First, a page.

Magazine article Eye : The International Review of Graphic Design

To the Letter

Magazine article Eye : The International Review of Graphic Design

To the Letter

Article excerpt

Calligraphy, in the hands of artists like Carl Kurtz and Susan Skarsgård, can be abstract, gestural, conceptual, or simply beautiful. It is always surprising.

What does a calligrapher do in the 21st century? The role of scribe, writing out manuscripts, was long ago usurped by the printing press. The job of copying out documents for governments and business disappeared with the invention of the typewriter. Some eke out a living filling in diplomas, writing out invitations to social events and addressing envelopes. Others survive by doing custom lettering for advertising and design, a field that has been severely challenged in the past two decades by the increasing sophistication of digital type, especially OpenType fonts with their endless array of alternates, ligatures and contextual characters. And then there are those who see salvation in calligraphy being accepted as an art rather than a craft, who seek to gain for it the same level of acceptance in Western society that it has had for centuries in Asia.

The champions of calligraphy as art have suggested several models: abstract imagery in the manner of Jackson Pollock, gestural mark-making à la Franz Kline or Cy Twombly, or conceptual art rooted in language like the work of Ed Ruscha or Jenny Holzer. Two calligraphers whose work sometimes fits into one or more of these categories but often as not into none of them are Carl Kurtz and Susan Skarsgård.

Schooled on signs and scores

Kurtz, born in Milwaukee, Wisconsin in 1942 but raised in the Black Hills of South Dakota, is the eldest son of a sign painter. From the age of nine he helped his father, learning the myriad aspects of the craft: gold-leafing on windows, pin-striping vehicles, laying out and scaling up work, and the subtleties of letterforms. 'I believe those early lessons with my father provided me with a certain amount of facility as well as a love of playing with letterforms,' he says. 'There is (or at least was) in the sign business a commitment to novelty; most clients wanted their business, or their message, to stand apart from others. Difference in imaging was an accepted norm.'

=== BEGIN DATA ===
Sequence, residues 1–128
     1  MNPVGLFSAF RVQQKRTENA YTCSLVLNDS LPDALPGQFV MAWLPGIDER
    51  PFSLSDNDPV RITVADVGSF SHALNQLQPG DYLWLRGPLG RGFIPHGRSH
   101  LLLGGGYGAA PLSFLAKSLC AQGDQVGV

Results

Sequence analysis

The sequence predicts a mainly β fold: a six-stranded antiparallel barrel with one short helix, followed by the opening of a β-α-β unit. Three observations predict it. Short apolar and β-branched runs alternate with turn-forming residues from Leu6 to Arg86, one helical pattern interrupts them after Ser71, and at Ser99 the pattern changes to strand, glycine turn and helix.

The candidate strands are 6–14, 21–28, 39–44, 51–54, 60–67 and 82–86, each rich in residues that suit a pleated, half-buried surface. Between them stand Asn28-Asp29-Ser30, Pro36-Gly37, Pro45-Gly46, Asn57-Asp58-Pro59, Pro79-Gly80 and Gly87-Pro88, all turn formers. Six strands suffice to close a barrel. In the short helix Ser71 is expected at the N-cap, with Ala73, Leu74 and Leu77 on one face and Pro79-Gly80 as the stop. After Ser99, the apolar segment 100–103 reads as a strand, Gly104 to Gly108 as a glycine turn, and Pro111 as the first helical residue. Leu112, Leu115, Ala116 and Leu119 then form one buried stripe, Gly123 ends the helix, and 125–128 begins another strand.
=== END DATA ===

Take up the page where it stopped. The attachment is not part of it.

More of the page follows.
At the Kansas City Art Institute he studied graphic design under Rob Roy Kelly, even helping to retouch many of the images that ended up in Kelly's groundbreaking American Wood Type 1828-1900 (1969). Contrary to expectations, Kelly immersed Kurtz in the Swiss style of design, with an emphasis on Helvetica. Later, at Indiana University, Kurtz's primary influence was Henry Holmes Smith, who had taught at the New Bauhaus in Chicago in the 1940s. Calligraphy was not part of this Modernist MFA, so Kurtz taught himself, learning much from Hermann Zapf's Feder und Stichel (1949; published in English as Pen and Graver). Today, he teaches foundation studies (and occasionally calligraphy) at the Kansas Institute.

A former music student, Skarsgård was born in Detroit in 1954. Her interest in calligraphy developed from her study of Renaissance music. 'The manuscripts were incredibly interesting, sometimes more so than the music itself,' she recalls. 'I could really feel the presence of the human being that wrote this music down and [I found] the visual qualities of this writing to be compelling.'

Skarsgård taught herself calligraphy before travelling to Austria to study with Friedrich Neugebauer, author of the influential The Mystic Art of Written Forms (1981). She subsequently worked for lettering artist Jerry Campbell who, with Dick Isbell, operated one of the leading commercial art studios in Detroit. She has been working as a designer with General Motors since 1995, first in the corporate and brand identity department, and now in industrial design. …

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